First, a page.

Why Europe Refuses to Take Back Captured ISIS Fighters

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When the caliphate of the Islamic State collapsed, its fighters scattered.

Many ISIS terrorists ended up in camps being run by Syrian Kurds in northern Syria. Among the number are about 2,000 Europeans, and what exactly to do about that is the biggest source of disagreement that exists between the U.S. and Europe on counterterrorism policy today.

To the frustration of the U.S., the Europeans have shown no desire to take back their citizens.

President Donald Trump lambasted the Europeans for that and warned that unless they act fast, the U.S. will be forced to simply set free the Europeans being detained. (U.S.-backed Kurds have day-to-day control of the camps.)

Ambassador
Nathan Sales, the State Department’s coordinator
for counterterrorism, described
the European approach as a “dereliction of responsibility.”

This
sounds like it should be a simple problem to fix. Those traveling to Syria as
soon as ISIS declared its caliphate were in all likelihood going there to live
under the sharia-law state controlled by the terrorists.

They
are now captured, so why don’t the Europeans just take back their citizens and
throw them in prison?

However,
strongly suspecting something does not necessarily translate to convictions in
European courts, where the burden of proof is understandably high.

We may think the stories of men like Shabazz Suleman—who gave an interview to Sky News while in Kurdish captivity, saying he just spent his time in Raqqa, Syria, “playing PlayStation or going around on bike rides”—are ridiculous. And they are, but proving it in court is no easy task.

Furthermore, think of the technical difficulties of prosecuting those detained in Syrian camps. Some of these suspects were picked up on the battlefield by militias, not by “CSI: Raqqa.”

So, what is the nature of the evidence against the detainees, and how was it collected? Are there reliable witnesses? Is there an unbroken chain of custody?

And on what legal basis can a Kurdish militia—not a fellow government, with which there is either a legal treaty or formal agreement—extradite a detainee to another country?

Sometimes, the jihadis make it easy for the state to prosecute. For example, Oussama Achraf Akhlafa was photographed next to a crucified body, boasted about being a sniper, and disseminated images of beheaded Kurdish fighters. He was imprisoned by the Netherlands for seven and a half years.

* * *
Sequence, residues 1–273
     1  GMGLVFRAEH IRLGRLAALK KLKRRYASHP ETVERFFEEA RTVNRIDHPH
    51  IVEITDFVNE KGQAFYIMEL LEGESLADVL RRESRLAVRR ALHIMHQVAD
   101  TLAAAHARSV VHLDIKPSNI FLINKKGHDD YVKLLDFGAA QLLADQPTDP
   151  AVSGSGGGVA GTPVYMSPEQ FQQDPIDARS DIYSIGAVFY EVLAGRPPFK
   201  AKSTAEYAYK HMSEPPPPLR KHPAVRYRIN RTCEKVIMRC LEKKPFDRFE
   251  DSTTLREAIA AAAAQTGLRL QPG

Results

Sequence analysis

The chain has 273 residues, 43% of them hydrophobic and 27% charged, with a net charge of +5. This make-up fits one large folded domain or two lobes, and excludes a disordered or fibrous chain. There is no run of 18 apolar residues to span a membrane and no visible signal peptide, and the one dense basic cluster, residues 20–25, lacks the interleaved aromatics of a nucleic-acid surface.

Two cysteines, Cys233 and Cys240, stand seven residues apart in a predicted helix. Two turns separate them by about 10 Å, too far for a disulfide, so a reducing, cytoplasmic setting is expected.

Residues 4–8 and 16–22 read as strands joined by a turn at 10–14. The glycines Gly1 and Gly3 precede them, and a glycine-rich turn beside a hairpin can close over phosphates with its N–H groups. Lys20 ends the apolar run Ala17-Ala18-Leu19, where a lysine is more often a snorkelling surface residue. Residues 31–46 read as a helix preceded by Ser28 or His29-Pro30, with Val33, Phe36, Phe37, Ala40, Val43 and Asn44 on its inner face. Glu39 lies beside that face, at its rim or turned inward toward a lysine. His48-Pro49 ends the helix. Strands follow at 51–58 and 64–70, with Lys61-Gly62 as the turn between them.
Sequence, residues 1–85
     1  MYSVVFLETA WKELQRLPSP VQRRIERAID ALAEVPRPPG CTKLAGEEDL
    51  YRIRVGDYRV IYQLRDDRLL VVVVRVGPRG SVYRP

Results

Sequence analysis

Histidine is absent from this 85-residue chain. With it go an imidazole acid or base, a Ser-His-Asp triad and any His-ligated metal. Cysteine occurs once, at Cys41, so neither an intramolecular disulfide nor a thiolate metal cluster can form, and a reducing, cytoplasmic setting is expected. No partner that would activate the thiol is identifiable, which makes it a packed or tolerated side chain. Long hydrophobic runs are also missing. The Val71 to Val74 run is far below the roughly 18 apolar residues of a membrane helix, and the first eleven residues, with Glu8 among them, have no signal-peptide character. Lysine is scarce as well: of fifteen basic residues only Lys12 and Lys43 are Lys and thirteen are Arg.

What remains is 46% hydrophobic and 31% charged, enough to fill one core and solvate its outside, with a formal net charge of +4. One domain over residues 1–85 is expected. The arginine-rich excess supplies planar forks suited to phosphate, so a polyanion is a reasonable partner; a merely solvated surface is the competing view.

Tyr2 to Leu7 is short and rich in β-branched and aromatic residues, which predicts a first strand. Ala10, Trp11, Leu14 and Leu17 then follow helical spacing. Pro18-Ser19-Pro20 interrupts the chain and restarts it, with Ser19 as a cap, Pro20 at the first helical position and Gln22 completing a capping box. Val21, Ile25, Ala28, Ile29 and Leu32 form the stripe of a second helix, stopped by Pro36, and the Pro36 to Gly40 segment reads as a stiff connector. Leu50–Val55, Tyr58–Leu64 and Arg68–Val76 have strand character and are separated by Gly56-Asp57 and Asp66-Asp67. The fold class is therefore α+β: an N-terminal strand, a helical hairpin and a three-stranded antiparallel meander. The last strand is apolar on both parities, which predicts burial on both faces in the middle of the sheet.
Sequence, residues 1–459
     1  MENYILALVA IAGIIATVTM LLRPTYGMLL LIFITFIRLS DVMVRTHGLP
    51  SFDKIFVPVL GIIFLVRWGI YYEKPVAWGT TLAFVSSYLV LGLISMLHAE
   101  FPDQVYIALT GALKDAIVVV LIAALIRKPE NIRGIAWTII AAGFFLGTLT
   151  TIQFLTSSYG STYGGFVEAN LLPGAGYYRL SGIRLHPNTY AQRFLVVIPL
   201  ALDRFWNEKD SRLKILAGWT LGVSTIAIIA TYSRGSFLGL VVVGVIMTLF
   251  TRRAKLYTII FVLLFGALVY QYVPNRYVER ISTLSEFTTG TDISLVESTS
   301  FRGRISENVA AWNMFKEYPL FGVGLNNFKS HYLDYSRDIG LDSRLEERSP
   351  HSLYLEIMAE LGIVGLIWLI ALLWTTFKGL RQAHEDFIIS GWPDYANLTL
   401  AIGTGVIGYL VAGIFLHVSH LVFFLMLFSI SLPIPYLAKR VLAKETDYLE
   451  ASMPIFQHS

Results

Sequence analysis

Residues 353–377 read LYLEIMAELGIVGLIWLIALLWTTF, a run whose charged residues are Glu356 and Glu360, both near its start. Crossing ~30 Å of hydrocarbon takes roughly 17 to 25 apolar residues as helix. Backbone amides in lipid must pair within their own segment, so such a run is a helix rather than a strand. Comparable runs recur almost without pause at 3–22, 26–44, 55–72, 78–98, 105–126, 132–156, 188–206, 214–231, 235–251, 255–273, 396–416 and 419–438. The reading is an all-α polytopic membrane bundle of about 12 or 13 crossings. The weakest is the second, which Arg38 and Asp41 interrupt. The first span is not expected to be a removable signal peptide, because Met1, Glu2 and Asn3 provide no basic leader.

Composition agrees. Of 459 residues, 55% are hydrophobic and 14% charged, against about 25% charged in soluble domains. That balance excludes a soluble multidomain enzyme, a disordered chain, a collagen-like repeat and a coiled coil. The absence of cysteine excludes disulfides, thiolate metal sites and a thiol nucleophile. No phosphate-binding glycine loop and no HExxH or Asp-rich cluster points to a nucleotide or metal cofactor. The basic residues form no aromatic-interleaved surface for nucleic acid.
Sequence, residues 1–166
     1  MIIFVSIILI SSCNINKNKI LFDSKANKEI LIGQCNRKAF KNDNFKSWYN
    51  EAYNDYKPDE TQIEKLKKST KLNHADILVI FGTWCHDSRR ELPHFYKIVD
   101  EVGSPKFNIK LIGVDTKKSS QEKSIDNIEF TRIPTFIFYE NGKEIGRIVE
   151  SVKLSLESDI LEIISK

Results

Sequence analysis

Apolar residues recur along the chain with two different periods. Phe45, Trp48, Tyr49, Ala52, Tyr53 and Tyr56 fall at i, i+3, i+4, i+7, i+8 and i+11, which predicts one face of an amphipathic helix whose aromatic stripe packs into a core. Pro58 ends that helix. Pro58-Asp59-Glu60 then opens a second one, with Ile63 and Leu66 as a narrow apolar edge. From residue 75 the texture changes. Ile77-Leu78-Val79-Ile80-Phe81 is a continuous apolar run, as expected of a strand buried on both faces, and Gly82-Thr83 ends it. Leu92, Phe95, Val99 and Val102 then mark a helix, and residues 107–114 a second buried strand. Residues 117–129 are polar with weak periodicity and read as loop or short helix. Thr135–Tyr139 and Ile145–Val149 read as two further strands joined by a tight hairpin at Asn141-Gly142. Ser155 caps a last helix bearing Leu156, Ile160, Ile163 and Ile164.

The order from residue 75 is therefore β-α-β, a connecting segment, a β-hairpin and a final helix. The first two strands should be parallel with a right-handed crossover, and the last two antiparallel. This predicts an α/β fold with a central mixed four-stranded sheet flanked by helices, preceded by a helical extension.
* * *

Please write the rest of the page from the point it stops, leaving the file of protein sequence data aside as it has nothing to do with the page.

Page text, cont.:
Jennifer W., facing trial in Germany, was caught talking in a bugged car about her role in the hisbah, the ISIS morality police—but only after she had managed to make her way back to Germany and lived there for two years without being charged.

These are the exceptions, however, not the rule. 

Take
a case
from the United Kingdom. In January, a couple turned up at Manchester Airport
having just spent four years living in Syria. They had moved there after ISIS
had declared its caliphate. They were arrested, and the police seized three
separate electronic devices in their possession.

The problem? The couple replied “no comment” to every question asked by police. Their electronics were password-protected, and police could not access them. The investigation is ongoing, but the accused ended up being released on bail.

What’s more, this was one of the simpler cases: The couple had made it to Turkey, so they were returning with authorities’ knowledge.

A
rejoinder would be: If prosecutions are not viable, why not just place
terrorism suspects under surveillance?

The problem is one of resources. As of March 2017, there were 23,000 Islamist terrorism threats on the U.K. intelligence radar. And in France, the head of the domestic security agency said that about 18,000 radicalized terrorism suspects were living in that country.

That means the scale of the threat is far greater than the
resources the state has to combat it. Domestic intelligence agencies already
have to ruthlessly prioritize which suspects to monitor. Throwing hundreds of
returnees from the caliphate onto the pile only makes that task all the more
difficult. 

Hence
the impasse.

The U.S. desire for Europeans to take their foreign fighters
back is understandable. And Europe, not the U.S., should bear the
primary responsibility with coming up with a solution about what to do with
their jihadis.

However, European countries are also in a difficult situation. Accepting back hardened terrorists without much prospect of successful prosecution is an unappealing offer for any government.

The latest twist is that media outlets report that the Trump administration has suggested that Turkey will take control of the fates of these ISIS detainees.

Trump tweeted that Turkey “must, with Europe and others, watch over the captured ISIS fighters and families,” suggesting a broader effort is envisaged. However, details remain scarce.

So, too, do viable solutions.